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Maine lawmaker compares vaccine mandate to Nazi death camp doctor

Rep. Heidi Sampson's remarks were called “wildly unacceptable and inappropriate.”

Heidi Sampson made comments comparing the vaccine mandate to a Nazi doctor, which other lawmakers have called "wildly unacceptable and inappropriate." AP Photo/Robert F. Bukaty

AUGUSTA, Maine (AP) — A group of Maine Democrats wants a state Republican lawmaker to resign over comments in which she compared vaccine mandates for healthcare workers to the Nazi doctor known as the “Angel of Death” for experiments on Jews during the Holocaust.

A letter dated Aug. 27 called Rep. Heidi Sampson’s remarks “wildly unacceptable and inappropriate.”

The state lawmaker made her claims during a rally in front of the State House after the governor announced a vaccine mandate for healthcare workers. “Do I need to remind you of the late 1930s and into the ’40s in Germany and the experiments with Josef Mengele? What was it? A shot? These were crimes against humanity.”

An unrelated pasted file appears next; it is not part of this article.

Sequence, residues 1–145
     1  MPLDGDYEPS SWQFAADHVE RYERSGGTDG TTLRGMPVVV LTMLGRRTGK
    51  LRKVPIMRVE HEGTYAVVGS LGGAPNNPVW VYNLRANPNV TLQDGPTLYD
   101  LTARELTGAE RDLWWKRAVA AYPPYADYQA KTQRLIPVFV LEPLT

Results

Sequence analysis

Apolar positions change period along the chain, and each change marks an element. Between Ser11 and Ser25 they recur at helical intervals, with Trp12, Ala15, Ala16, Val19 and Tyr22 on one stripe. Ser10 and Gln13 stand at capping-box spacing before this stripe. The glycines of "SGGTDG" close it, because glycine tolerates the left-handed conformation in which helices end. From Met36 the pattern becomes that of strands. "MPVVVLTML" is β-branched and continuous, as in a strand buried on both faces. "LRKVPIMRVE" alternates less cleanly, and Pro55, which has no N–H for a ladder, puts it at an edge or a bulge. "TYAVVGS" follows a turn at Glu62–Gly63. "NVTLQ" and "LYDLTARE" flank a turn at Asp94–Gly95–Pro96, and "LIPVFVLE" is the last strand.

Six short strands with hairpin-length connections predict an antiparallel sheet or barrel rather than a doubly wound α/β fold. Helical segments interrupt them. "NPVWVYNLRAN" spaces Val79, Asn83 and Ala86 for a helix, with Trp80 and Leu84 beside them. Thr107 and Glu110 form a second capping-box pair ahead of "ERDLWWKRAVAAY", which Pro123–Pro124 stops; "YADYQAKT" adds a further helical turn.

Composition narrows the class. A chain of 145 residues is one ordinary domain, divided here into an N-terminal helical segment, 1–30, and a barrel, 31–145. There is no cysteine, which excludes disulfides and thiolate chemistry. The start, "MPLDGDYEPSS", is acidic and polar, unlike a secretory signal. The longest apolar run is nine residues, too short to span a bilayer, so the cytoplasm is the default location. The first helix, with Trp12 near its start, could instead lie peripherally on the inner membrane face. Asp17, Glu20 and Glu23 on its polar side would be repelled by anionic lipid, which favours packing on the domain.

COVID-19 Vaccine

Mengele conducted medical experiments, often fatal, on people imprisoned at the Auschwitz death camp.

“It is an utter disrespect to Holocaust survivors, to the Jewish community in general and to thinking people everywhere. It is a pathetic statement only designed to stir more hate and more falsehoods,” Sen. Joseph Baldacci, D-Bangor, wrote in the letter.

The New England chapter of the Anti-Defamation League also has called on Sampson to apologize for her remarks.

A message seeking comment was left with Sampson.

Her comments come against a backdrop of differing opinions on whether COVID-19 vaccines should be mandated.

The U.S. Centers for Disease Control and Prevention contends COVID-19 vaccines in the United States are safe and effective. One of them, made by Pfizer, received final approval from the Food and Drug Administration last week.


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